Solid trilogies have proven to be difficult to deliver through history of film as many like for example The Godfather, Sam Raimi’s Spider-Man and Star Wars thrice certainly have tried. Dreamworks’ How To Train Your Dragon: The Hidden World is the closure to the trilogy about a young man (Hiccup) and a dragon (Toothless), expanding the story this time for an adventure to find a safe haven for all dragons to live peacefully in. The film manages to conclude the series in fairly fashionable way, closer to Christopher Nolan’s Batman and The Lord Of The Rings rather than to those previously mentioned.
With each three films the level of animation has stepped up immensely from the previous one. There’s a name that you might miss in the credits who probably had the most to do with this: Roger Deakins. It’s likely thanks to him that on top of the great character designs, the setting looks even better and more vibrant. Everything in this viking world feels alive, moving and detailed so make sure your eyes are on the screen whenever the dragons take flight. Jay Baruchel as Hiccup continues to be an incredible asset in the vocal booth just like Craig Ferguson as Gobber is as well. Baruchel brought a distinctive and an emotive voice to a film series that didn’t even need a superb voice acting to be good. The last 30 minutes of this is the payoff that any trilogy or franchise deserves by being so heartfelt, tear-jerking and in line with everything that happened before. The story clearly mirrors the premise of the first film where the dragons were hunted just to be hunted.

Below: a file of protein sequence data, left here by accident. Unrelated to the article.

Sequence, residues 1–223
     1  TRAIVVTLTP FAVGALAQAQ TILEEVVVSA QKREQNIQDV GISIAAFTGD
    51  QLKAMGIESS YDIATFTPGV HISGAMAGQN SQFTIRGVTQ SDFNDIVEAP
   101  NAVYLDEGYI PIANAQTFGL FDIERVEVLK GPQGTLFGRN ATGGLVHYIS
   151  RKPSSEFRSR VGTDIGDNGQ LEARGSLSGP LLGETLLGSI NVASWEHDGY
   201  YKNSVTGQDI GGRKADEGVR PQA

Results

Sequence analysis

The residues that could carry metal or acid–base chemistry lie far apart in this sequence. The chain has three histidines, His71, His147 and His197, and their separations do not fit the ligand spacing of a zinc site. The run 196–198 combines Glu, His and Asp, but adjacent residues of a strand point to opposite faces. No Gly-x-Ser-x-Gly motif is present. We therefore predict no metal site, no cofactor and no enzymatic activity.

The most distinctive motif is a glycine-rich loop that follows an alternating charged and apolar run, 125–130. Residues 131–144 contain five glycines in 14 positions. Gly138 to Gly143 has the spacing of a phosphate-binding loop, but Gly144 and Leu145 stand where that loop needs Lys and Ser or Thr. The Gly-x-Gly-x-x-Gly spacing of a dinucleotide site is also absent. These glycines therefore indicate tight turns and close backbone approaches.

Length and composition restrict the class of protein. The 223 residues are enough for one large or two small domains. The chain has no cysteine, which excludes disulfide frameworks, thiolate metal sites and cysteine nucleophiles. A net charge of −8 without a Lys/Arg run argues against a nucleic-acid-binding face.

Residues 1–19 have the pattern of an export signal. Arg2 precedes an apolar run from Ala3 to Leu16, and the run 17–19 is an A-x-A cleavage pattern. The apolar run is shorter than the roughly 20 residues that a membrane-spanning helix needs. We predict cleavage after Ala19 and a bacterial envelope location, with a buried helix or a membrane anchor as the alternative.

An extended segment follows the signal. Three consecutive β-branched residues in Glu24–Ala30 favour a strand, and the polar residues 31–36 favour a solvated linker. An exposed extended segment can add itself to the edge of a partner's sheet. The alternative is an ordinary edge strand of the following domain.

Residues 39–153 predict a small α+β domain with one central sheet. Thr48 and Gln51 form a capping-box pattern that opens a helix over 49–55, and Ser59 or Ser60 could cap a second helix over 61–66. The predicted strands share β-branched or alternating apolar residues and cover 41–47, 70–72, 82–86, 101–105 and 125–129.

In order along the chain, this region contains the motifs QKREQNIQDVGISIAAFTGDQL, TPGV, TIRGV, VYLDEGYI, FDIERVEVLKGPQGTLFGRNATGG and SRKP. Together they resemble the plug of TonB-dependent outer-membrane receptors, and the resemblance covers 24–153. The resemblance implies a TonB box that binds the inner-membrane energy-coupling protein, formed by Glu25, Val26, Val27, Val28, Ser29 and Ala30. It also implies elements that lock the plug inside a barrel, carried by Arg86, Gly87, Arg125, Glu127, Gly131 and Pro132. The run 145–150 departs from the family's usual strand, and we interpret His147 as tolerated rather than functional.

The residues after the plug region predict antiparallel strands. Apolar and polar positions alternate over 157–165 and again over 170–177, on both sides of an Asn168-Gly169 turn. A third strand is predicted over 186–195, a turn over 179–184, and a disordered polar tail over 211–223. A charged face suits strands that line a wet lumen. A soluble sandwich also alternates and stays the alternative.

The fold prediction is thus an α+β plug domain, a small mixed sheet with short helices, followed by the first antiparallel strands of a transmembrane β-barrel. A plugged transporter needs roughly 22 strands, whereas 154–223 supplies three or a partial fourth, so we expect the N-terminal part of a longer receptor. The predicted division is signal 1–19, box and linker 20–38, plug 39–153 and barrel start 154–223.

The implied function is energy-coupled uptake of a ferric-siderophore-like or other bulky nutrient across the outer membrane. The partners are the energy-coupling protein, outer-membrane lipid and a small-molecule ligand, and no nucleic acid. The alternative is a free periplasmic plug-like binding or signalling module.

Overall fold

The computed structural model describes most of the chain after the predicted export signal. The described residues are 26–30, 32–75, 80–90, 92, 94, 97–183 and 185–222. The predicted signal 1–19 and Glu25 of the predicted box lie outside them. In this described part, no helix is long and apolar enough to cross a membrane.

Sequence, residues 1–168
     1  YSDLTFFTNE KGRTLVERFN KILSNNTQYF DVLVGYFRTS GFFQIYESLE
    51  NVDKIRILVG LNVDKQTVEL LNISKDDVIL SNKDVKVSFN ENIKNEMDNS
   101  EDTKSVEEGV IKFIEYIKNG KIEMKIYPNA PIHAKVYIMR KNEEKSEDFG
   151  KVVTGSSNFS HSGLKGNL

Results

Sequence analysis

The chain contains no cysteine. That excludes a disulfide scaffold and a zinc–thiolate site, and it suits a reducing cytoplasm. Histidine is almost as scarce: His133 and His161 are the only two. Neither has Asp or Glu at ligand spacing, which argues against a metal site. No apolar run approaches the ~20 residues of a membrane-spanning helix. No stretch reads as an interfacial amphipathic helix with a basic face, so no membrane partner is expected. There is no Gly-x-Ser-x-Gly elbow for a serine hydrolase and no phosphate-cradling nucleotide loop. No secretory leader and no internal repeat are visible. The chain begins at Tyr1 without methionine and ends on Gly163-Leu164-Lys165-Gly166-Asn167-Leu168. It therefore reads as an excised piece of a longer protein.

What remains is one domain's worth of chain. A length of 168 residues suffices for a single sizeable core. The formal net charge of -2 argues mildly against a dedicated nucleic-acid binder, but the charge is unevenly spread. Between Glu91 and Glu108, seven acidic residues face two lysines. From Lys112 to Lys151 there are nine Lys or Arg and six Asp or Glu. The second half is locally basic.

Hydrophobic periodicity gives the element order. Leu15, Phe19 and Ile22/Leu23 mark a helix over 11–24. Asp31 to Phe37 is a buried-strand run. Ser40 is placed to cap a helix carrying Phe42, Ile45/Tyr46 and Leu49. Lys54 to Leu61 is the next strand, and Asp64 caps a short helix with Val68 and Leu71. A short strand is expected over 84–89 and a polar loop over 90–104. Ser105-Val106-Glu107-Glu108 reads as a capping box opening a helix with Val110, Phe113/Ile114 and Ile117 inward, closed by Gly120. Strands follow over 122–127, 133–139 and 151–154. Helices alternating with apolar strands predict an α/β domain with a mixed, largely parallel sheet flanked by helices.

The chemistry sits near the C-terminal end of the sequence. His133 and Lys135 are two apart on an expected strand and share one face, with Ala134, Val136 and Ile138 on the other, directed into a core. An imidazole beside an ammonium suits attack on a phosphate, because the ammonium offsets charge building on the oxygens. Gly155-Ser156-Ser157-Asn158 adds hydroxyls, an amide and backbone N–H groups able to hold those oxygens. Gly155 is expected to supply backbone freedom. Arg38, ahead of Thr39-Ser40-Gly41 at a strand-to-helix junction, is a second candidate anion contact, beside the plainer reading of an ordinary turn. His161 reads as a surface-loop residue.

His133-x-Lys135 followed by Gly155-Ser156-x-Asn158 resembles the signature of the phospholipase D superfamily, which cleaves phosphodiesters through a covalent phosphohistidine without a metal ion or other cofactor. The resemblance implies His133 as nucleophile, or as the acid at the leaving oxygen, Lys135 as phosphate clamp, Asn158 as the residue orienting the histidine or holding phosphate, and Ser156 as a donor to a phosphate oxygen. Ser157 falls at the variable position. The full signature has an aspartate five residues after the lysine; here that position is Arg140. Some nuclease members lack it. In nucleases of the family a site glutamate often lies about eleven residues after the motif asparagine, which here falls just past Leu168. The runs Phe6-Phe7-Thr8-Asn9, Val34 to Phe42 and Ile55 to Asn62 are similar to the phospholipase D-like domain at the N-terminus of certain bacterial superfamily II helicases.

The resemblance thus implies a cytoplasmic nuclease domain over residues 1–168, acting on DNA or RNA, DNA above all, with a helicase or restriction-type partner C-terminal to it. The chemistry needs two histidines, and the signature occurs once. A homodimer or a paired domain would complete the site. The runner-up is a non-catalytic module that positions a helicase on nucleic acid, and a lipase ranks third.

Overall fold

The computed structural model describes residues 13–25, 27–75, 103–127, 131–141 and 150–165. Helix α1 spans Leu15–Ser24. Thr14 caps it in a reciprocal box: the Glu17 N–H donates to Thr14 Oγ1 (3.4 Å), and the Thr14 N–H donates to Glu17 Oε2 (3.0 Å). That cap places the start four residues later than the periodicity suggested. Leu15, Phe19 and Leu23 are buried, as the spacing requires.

While the movie does stay in line with its themes, there still are some (avoid the obvious pun) obstacles the writing creates for itself. Ruffnut (voice of Kristen Wiig) and Tuffnut (Justin Rupple) are overbearingly used as they are type of characters that deserve a minimum amount of lines to be useful but here they have way too much to say (literally and Literally). There is also weird banter between Valka (Cate Blanchett) and Snotlout (Jonah Hill) which is so left-field that I don’t know why it was not cut. One problem I had with the film was the score by John Powell which definitely isn’t worthy of a frowney but it’s not quite up to the level of the first two where it was really bombastic.
Smileys: Animation, ending, Jay Baruchel, story
The Hidden World shows that the story never stopped soaring through the skies.